Sunday, October 28, 2007

Convention for ?

We're still no wiser. There's this hugely important 'Convention' going to be created to 'prepare the ground' for a referendum on 5th May 2011 which will give the National Assembly law making powers - and no-one knows what its going to do. I see warning lights flashing.

We do know that Sir Emyr Jones Parry is going to chair it, and we all know that he was until recently the UK's Ambassador to the United Nations. So he is a really big fish. And we also know that those who want to see a No vote in the referendum have been rattled by the netting of such 'a good catch'. No-one looks more rattled than Peter Hain, as he tours the TV studios to rubbish the Convention.

Its a damn funny thing though - setting up this big Convention and not knowing what its job is. Even those of us who see a law making Assembly as the only logical, inevitable even, constitutional position for Wales, cannot fathom out its role. So far, the only purpose I can see is to engage with the devo sceptics, show some respect for their concerns and take the debate out to Monmouth, Pembrokeshire and the North Wales Coast where the Assembly is not well regarded. Supporters of a law making Assembly have a tendency to dismiss devo sceptics as if they are in some way anti Wales. Self defeating arrogance in my view. Last week's response to a much publicised challenging article by Stephen Crabb, MP for Presceli Pembs was a good example.

I must admit that I don't like the smell of this. It looks like a PR stunt to mark the 100 days of the Assembly Coalition Government - and not much else. Another 'today's headline' not thought through. Its in danger of turning into a shambles, with Sir Emyr walking away - unless Rhodri Morgan and Ieuan Wyn Jones can tell us what his job is.


Anonymous said...

Your comments are perfectly fair. The Richard Commission has already produced a blueprint for the way forward. I suppose you could argue that as a former diplomat Jones Parry might have the skills to sell sand to the Arabs. On the other hand the comments of the ex US ambassador to the UN John Bolton suggests that he will have some difficulty in relating to ordinary people. The Convention has all the feel of we had better do something. The simple fact is that Plaid were pretty naive in believing that Labour would enthusiasticaaly work for a yes vote in any referendum before 2011.Rhodri Morgan might be in favour of it but he is not the Leader of the Labour Party in Wales as some commentators argue. There is no separate Welsh Labour Party. Rhodri is the Leader of the Labour Group in the Assembly who will not be there after 2009. The only certainty that can be said about any future referendum is no one knows how people will vote. A great deal will depend on attitudes towards the Assembly decisions over the next few years and how those who have never voted in any Assembly election will react. Jones Parry and the great and the good will have no effect whatsoever on any result. In the world of digital media most Welsh voters wouldn't even know the Convention exists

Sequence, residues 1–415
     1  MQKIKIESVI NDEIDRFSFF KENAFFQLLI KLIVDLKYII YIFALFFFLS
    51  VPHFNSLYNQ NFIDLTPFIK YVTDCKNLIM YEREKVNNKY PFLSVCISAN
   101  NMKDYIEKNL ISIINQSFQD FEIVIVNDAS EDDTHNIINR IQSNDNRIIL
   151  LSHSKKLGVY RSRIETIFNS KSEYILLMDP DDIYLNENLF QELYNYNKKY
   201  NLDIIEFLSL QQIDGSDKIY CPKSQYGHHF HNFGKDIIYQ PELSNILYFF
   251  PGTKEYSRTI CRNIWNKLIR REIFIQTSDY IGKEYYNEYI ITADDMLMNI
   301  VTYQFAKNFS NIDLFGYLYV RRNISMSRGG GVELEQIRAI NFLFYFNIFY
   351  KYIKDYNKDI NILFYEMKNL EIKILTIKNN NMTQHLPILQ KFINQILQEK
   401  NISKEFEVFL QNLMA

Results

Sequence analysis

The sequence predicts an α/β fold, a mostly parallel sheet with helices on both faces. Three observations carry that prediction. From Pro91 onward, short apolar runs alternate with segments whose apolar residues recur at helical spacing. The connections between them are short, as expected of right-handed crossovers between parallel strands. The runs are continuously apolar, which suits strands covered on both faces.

Glyn Davies said...

anon - I'm with you on all except that the Convention will have no effect. This may turn out to be the case - in which case it will have failed. Perrsonally, I think a referendum can be won, despite what seems to be the best efforts of Peter Hain - but there will have to be a lot of explaining and persuading to be done. And if not by this Convention, the question is by whom.

Anonymous said...

The problem with all of this is shown by Martin Shipton's article which features you amongst the great and the good. Unfortunately history shows us that the great and the good do not have much influence over those who really matter namely the ordinary people of Wales. In both 1979 and in 1997 the great amd the good were all in support of devolution. The 1997 referendum was won because basically Labour voters
voted 'yes' as a reaction to the Thatcher years. Next time it will not be that easy. Many people who supported the Assembly have been disappointed by the last eight years. It will be even harder in the future as the growth of public spending slows down. In any future referendum my money is on David Davies and his merry men to set the agenda. I'm sure that as the bill goes through Parliamnent there will be an attempt to insert the abolition question.

Glyn Davies said...

anon - I agree with much of what you say - except that I don't think the abolition question will be put back in. There is a huge job to be done to win a positive vote for an extention of Assembly powers - but I do believe that it can be done.
I believe Martin's reference to a 'Heineken' factor was that he thought I might be able to connect with the devo sceptic feeling, because I have alway's respected it as well as disagreeing with it.